Location: Seattle, Washington, United States

What you have here is an old guy. In education for 30 years, started teaching elementary, ended as library and media director of community college. I've enjoyed mountain climbing, sports car rallying, was pipe major of a bagpipe band, played guitar and sang during the folk revival, walking and hiking later in life. Now fairly sedentary. Enjoy reading, esp. mysteries and fantasy, but my reading is pretty eclectic. Enjoy movies, giving Netflix a workout.

Tuesday, August 14, 2007

David Fulmer's Jass

I recently finished Jass by David Fulmer. It’s a novel set in New Orleans during the 1920s. The protagonist is Valentin St. Cyr, half-Italian and half-Creole, but pretty much passing for white. At one time he was an officer on the New Orleans Police Department, but now he is a private detective. Mostly he works for Big Tom Anderson who has the section of N.O. known as Storyville under his thumb. Fulmer’s first novel, Chasing the Devil’s Tail, had Buddy Bolden, early jazzman, at its center. In this one the murder of four men who had once played in the same jass band are murdered and St. Cyr, with some slight urging from Jelly Roll Morton, set out to find the murderer. Meanwhile Valentin’s love life with the octoroon, Justine, has gone sour and soon she leaves him. When Anderson calls Valentin off and Lt. Picot of the police threatens him, he is more than ever eager to find the murderer. This is an excellent mystery novel set in the early days of jazz in New Orleans.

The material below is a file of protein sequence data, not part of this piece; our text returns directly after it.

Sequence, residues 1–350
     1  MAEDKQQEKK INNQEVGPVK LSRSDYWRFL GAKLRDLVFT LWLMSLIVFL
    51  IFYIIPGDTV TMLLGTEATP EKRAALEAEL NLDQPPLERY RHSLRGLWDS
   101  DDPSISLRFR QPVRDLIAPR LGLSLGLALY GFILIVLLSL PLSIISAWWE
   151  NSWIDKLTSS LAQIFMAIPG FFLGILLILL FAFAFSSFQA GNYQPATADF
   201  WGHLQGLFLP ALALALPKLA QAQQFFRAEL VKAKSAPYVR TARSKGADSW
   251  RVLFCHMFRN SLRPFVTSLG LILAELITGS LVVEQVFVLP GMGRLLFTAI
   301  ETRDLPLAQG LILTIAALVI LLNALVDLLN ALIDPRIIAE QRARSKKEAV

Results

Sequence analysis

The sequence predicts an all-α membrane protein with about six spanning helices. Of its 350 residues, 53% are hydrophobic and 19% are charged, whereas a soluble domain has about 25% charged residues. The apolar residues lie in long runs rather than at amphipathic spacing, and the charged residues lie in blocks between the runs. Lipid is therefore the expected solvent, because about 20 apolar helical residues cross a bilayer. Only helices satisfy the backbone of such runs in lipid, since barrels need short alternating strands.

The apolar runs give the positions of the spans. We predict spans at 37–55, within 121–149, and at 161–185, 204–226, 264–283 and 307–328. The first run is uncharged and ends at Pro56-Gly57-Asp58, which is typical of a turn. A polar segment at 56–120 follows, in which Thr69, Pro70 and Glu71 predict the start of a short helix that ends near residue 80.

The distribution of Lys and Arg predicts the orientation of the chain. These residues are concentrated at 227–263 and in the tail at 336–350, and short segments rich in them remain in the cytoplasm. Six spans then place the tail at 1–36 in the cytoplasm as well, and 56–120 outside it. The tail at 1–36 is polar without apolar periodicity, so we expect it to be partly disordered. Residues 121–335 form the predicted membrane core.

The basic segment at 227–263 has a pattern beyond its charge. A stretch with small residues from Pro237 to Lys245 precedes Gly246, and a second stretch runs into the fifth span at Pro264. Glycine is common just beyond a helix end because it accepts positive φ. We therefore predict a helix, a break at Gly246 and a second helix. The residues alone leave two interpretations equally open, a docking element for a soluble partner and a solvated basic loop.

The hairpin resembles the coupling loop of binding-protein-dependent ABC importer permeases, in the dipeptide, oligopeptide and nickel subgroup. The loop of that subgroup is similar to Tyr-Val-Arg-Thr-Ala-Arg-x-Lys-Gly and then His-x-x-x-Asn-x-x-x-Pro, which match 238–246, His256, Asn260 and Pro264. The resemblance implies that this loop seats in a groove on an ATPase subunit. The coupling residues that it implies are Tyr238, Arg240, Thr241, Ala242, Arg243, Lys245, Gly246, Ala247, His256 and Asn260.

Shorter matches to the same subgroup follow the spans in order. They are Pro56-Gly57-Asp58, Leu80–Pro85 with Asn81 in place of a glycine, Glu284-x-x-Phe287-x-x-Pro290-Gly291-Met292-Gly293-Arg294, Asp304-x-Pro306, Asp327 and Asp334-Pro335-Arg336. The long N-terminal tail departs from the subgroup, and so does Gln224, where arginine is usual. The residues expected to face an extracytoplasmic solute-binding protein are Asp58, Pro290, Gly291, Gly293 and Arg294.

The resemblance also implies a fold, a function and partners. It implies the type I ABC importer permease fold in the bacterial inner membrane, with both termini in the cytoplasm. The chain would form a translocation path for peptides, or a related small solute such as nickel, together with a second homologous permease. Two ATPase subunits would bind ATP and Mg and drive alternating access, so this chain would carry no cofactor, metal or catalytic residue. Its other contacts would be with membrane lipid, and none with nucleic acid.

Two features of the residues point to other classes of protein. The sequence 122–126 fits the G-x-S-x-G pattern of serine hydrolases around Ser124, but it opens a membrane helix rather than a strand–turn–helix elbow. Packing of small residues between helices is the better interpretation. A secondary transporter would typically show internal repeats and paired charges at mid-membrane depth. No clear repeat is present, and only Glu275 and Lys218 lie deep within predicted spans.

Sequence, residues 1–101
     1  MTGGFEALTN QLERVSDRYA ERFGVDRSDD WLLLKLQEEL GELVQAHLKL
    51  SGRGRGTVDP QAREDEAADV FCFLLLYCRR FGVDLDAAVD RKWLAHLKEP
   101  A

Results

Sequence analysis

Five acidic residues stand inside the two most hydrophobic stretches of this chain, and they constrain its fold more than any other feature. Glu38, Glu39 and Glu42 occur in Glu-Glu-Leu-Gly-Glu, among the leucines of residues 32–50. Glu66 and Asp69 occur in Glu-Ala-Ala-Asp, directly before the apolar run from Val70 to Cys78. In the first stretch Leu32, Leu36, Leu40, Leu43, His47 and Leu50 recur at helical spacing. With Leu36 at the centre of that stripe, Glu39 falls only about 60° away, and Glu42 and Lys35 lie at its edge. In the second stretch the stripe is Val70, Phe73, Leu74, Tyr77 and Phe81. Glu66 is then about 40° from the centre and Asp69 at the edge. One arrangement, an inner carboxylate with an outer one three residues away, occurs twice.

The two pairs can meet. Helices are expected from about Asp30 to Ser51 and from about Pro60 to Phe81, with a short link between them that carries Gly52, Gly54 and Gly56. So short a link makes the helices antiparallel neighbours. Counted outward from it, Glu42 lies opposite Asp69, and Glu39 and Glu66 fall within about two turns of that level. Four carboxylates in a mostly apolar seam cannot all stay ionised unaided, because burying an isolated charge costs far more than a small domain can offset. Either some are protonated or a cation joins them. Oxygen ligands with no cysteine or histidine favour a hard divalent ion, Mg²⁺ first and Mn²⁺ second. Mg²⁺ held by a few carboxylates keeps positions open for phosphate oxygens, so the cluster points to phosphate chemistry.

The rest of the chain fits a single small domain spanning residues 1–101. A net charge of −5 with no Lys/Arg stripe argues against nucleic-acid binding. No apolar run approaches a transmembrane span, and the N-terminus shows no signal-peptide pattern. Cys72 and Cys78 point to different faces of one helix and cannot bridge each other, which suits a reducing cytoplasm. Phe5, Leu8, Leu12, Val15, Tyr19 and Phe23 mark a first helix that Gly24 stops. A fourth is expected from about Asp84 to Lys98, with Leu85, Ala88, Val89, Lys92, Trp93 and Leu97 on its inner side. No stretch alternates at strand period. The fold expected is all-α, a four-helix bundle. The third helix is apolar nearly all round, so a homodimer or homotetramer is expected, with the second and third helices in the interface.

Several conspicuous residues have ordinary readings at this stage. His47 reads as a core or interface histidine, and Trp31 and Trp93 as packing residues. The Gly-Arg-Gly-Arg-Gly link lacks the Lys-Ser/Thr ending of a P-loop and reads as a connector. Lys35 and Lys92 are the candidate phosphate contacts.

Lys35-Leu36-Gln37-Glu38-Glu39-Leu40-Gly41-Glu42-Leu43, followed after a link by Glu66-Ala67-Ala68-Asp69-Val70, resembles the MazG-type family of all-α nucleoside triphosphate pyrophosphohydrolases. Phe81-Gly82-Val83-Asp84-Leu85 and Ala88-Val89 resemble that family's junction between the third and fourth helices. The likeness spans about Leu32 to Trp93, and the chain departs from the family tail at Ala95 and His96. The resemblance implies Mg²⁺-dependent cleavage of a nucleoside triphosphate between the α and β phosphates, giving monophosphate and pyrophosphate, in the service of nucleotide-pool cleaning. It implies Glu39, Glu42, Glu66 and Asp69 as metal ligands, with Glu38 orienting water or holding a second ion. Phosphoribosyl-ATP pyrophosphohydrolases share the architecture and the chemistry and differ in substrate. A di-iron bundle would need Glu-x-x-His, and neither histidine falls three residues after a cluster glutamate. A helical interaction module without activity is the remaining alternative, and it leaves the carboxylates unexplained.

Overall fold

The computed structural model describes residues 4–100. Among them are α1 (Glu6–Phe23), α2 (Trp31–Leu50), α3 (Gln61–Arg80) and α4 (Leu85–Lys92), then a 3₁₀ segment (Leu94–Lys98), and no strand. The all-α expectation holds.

By circumstance, I recently had acquired a recording of Kid Ory, legendary New Orleans trombonist. He had his own jazz bands as well as playing and recording with King Oliver, Louis Armstrong’s Hot Five and the aforementioned Jelly Roll Morton. These recordings were made in 1922 and 1926, which I assume was approximately the time of Fulmer’s novels. (I know that I will be condemned as a heretic, but I never cared much for Armstrong’s horn nor his voice. But I must say he was playing a much cleaner trumpet in this recording than at later times.)

Anyway, I have high regards for this novel, both as a mystery and as a glimpse of life in the lower sections of New Orleans when jazz was just beginning. And if you like this early kind of traditional jazz or Dixieland (as it's now called)I can recommend the CD as well. It features Edward Kid Ory and is entitled Ory’s Creole Trombone. It on Living Era label and is CD AJA 5148.


Blogger Bill Crider said...

Ever read anything by Robert Skinner? Similar setting.

6:45 AM  
Blogger The Electric Horseman said...

Gosh, Mr. D.

This is "George"... one time work-study worker @ the library, and more importantly, racetracker extraordinaire.

Every time I go by your place I wonder if you're still there and still kicking.

I'd love to stop, but, uh, haven't been prepared, tactfully, for all possible results.

A million years ago I found your e-mail addy on the web, and wrote it down, and just yesterday discovered the paper again... and googled it... and here I am.

I don't know for sure how long it has been since we talked, but I don't suppose my updates would include much more than an added pile of track stories. The only variable to which is the size of the pile! I think about you every time I'm on the big road(s) nearby (which isn't THAT frequently).

Now that I have this effective "line in the sand" (of August 14, your most recent prior entry) I may be more bold in turning up.

Nice to know that you're here on the web, and I hope your life is still thriving in every way.

Hmmmmmmm, maybe I should just WRITE to the e-mail address and forget all of this posting.



12:22 PM  

Post a Comment

<< Home